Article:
After a morning of chores, the radar looked safe enough to head out on a long ride. My original plan was to meet Keith up at Kingdom Trails, but the last time I met Keith up there, I nearly froze to death and cut the life of my drivetrain in half. Way safer to time a local ride where the rain was least likely to move through. That would be Massabesic Lake up to Bear Brook and back, my favorite local loop.
Heading out at noon, the skies look highly suspect. It was about 80F, humid, and it looked like a storm could form at any moment. Heading in to the Massabesic Lake carriage road trails, there was a group of four very young children playing in the trail. A young boy, maybe about three years old, looks right up into my eyes and says "It's gonna rain!" That gave me the creeps, just like the little girl from the movie Poltergeist when she says "They're Here!"
Not 30 minutes later, I felt the first drops of rain. How did a three year old know? It's almost like he knew what I rode in two days earlier. Fortunately, the rain never amounted to more than random sprinkles, but the sky remained threatening for a long time.
I maintained a solid tempo pace, legs feeling pretty good despite 4.7hrs on Saturday and 2.2hrs on Sunday. The FOMBA singletracks were in mint condition, brown pow as they say out west. I hit Woodpecker and Hemlock before moving on.
Marble outcropping overlooking Hall Mountain on the I-trail
Just after completing the I-trail in Bear Brook, I very nearly rode over a large snake sprawled across the doubletrack. At first I thought I rode over its head, but it coiled back into a defensive posture. Ok, that creeped me out a bit. I don't have irrational fear of snakes, but this one was big and I did not recognize it. Good thing I didn't let out a girly squeal, as Louis Frechette was just coming around the bend.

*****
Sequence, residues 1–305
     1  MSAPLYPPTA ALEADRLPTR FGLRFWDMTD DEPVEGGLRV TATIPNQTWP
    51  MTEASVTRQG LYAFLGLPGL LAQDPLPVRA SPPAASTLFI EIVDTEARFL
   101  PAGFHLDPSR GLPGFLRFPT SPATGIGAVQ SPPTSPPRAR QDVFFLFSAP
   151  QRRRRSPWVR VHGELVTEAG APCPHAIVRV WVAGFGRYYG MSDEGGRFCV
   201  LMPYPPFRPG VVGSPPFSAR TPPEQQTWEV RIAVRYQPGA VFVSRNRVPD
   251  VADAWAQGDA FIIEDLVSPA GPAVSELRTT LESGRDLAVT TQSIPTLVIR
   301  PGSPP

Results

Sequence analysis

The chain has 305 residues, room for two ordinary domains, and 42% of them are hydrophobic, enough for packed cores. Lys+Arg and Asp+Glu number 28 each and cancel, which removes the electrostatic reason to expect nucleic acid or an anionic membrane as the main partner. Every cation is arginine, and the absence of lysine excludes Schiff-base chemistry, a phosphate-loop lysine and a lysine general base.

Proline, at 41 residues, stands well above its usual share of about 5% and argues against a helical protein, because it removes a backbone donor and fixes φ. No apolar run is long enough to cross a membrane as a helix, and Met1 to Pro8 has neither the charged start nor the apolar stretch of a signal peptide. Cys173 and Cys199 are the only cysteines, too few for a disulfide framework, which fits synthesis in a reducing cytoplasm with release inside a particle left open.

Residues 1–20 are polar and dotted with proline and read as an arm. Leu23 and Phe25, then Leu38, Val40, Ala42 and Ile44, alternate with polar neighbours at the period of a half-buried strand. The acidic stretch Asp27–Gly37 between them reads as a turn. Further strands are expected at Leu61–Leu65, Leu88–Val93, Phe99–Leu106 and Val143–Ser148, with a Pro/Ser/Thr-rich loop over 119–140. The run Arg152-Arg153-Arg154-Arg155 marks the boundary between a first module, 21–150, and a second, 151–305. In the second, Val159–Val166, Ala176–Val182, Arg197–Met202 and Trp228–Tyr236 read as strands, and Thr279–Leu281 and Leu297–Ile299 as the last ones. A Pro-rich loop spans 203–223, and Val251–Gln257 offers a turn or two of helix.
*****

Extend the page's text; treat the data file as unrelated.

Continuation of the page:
You can judge size by scaling snake to pair of ATV tracks. I missed its head by an inch.
We marveled at the snake for a moment before it slithered off into the brush. Louis swore he heard a rattle. I wasn't so sure. Looking up New Hampshire snakes when I got home, it appears we were looking at an Eastern Milk Snake. It is described as reddish-brown blotches over grey base. A Timber Rattler is described as a black snake with brown cross bands that may be difficult to see.
Milk snake on left, rattler on right
After the creepy snake encounter, I bombed down to the campground store to top off fluids and fuel. The best flow trail in southern NH was next, Bear Brook's Hemlock Trail. My legs were still feeling pretty good. No need to disrupt a perfect tempo pace for silly Strava standings though.
After reaching the north end of the park, it was time to start working my way back. This meant some climbing on trails like Alp d'Huez and Bear Hill. It wasn't easy cleaning Bear Hill trail heading up. It was muggy enough that the rocks were slippery with condensation. From the summit of Bear Hill, it is a speed fest back to Manchester, mostly on Trail 15, which is a wintertime snowmobile route.
I completed the 52 mile loop in less than 4.5hrs, one of my fastest, if not the fastest, times for this ride. Had I not stopped at the snake, I doubt I would have had much more than five minutes of stopped time during the ride too. Additional rain never materialized. At least I scored one good ride out of the four-day weekend.